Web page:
Electoral Dysfunction (2012)
dir. Leslie D. Farrell, Bennett Singer, David Deschamps
Starring: Mo Rocca
Review By Greg Klymkiw
"Every citizen of Canada has the right to vote in an election of members of the House of Commons or of a legislative assembly and to be qualified for membership therein." - Part I of the Constitution Act, 1982. Canadian Charter of Rights and FreedomsThose paragons of freedom - Iran, Libya and Chechnya - do NOT guarantee the right to vote. Thankfully, democracy rules the day in most of the world's leading nations. Countries of every stripe, from Canada to South Africa and beyond, all officially guarantee their citizens the right to vote.
The United States of America, however, does not offer this right to its citizens. In fact, take a humungous magnifying glass (as Mo Rocca does quite literally in the film Electoral Dysfunction) to peruse the hallowed document that spewed forth a new nation: There's not a single reference to the right of its citizenry to vote anywhere in the "hallowed" American Constitution.
The nation's founding fathers wrote and signed a constitution bearing one simple point - the House of Representatives are to be elected. End of story. How and by whom is nowhere to be found. Amendments involving issues of discrimination in the voting process also half-heartedly exist, though none explicitly state the obvious.
The simple, clear words guaranteeing the right to vote are not. They exist only in the imaginations of those Americans who think it is their God-and-constitutional-given right to do so.
This is but one of many odd things I learned about our neighbours to the south in the new television documentary entitled Electoral Dysfunction. The movie is a cheerful, breezy and informative exploration into the mess that is the American electoral process. Every state has its own rules and methods of allowing people to vote and in recent elections this has reared its head in very ugly ways - leading to the clearly illegal theft of Al Gore's win over George W. Bush and the improprieties exercised in the 2008 election.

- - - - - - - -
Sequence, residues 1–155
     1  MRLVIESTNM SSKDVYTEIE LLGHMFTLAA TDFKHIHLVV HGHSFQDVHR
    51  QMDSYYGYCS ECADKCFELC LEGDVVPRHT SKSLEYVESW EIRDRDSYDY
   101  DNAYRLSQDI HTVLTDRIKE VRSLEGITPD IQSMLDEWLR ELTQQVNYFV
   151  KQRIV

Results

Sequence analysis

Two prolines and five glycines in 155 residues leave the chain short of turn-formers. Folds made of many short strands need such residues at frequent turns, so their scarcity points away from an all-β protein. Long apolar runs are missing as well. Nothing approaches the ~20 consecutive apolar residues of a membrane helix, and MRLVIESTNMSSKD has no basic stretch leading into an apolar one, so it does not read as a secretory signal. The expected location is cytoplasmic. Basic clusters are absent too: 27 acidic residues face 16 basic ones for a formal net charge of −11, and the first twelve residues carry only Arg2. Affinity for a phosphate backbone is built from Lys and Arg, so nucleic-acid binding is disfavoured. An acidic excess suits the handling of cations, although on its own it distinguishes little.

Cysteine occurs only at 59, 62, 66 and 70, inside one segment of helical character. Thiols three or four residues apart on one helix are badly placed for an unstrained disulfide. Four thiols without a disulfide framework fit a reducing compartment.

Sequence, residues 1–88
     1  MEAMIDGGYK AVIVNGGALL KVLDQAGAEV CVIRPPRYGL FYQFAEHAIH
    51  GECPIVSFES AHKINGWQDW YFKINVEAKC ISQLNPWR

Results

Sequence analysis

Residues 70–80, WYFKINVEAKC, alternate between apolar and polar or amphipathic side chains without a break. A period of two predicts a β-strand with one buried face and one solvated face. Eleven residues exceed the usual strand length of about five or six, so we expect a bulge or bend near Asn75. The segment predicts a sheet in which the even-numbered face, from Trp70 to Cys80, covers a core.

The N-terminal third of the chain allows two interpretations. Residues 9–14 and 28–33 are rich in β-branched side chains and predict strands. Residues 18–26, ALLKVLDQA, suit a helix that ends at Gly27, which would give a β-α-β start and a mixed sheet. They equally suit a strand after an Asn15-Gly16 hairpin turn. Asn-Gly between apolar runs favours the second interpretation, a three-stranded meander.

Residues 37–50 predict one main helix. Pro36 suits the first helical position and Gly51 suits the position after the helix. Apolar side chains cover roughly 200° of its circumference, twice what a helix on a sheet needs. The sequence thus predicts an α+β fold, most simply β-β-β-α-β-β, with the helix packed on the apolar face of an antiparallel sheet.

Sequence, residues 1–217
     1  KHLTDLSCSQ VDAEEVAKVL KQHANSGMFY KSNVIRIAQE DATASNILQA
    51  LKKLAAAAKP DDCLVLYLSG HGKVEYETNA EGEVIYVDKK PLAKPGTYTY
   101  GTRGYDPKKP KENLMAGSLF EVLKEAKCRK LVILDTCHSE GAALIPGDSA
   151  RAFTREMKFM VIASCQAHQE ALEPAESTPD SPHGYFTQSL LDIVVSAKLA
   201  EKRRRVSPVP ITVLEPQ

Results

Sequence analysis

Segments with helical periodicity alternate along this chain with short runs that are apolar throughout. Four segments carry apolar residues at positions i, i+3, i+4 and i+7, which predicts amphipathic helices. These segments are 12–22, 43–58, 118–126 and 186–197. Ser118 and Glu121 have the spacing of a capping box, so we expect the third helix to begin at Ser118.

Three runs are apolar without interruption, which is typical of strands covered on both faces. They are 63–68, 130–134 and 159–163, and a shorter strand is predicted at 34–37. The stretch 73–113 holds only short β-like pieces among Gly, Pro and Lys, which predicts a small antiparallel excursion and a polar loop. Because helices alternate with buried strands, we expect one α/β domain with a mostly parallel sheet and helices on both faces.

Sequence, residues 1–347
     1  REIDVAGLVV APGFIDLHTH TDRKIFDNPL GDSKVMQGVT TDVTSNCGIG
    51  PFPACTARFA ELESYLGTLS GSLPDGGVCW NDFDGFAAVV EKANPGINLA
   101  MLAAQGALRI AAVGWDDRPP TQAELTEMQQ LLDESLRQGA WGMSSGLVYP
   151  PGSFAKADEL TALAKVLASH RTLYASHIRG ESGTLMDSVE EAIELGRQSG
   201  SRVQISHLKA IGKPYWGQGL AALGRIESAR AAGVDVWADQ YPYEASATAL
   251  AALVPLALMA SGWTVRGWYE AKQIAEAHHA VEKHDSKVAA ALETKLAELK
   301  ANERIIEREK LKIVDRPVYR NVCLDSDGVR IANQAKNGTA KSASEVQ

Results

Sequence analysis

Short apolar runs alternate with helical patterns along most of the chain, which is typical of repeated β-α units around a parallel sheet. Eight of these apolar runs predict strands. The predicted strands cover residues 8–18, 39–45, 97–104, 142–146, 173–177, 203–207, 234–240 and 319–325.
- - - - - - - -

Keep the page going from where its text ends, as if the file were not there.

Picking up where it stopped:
Using the witty and winning Mo Rocca, a former Daily Show correspondent as our host through the gumbo that is American politics was a good move. The camera clearly loves Rocca and he's someone we feel comfortable with as our tour guide. The mistake the film makes - and it's one that seriously detracts from the picture's wholehearted success - is that the picture strives too hard to be satirical.
For satire to work, one must be committed to it without restraint. Furthermore, we cannot see its artists trying too hard to be satirically funny. Seeing the seams of knee-slapping inducement is a sloppy, easy way to elicit a response.
Electoral Dysfunction, with its annoyingly jaunty, tongue-in-cheek musical score and an even more troublesome insistence upon journalistic balance, results in a movie with no clear voice (like most "good TV"). It's on one hand cold and removed, while on the other, it tries too hard to be "entertaining".
Rocca has a voice, mind you, but it always seems that his style is being cramped by the film's dullsville lack of style and a narrative arc that's a whole lot slighter and tenuous than it needs to be.
More importantly, I find it disturbing that the movie doesn't delve deeper than the skin of the topic. I wanted someone - ANYONE - to take a stand right from the beginning as to WHY this electoral dysfunction exists.
Just how and where is this dysfunction rooted? What will it lead to? Why did the country's founding fathers avoid the issue of basic voting rights?
Given the near-Third-World state America is in due to 9/11, the massive financial frauds and the more insidious desires of corporate America to cull the world population down to 2 billion people, any movie dealing with the issue of electoral dysfunction needs to meet - head-on - why it is in the interests of very few to keep democracy at bay.
The movie doesn't do any of this in a meaningful way. That said, it's a decent enough, info-packed springboard for further discussion and study on the matter. Maybe someone out there with some style and genuine devil-may-care chutzpah will take this fascinating and vital issue to the next level.
"Electoral Dysfunction is currently playing at the Montreal World Film Festival:
31 August 2012 • 12h30 • CINÉMA ONF
1 September 2012 • 21h30 • CINÉMA ONF
2 September 2012 • 14h30 • CINÉMA QUARTIER LATIN 15
It will enjoy a limited theatrical release at the Quad in New York, followed by broadcast on PBS.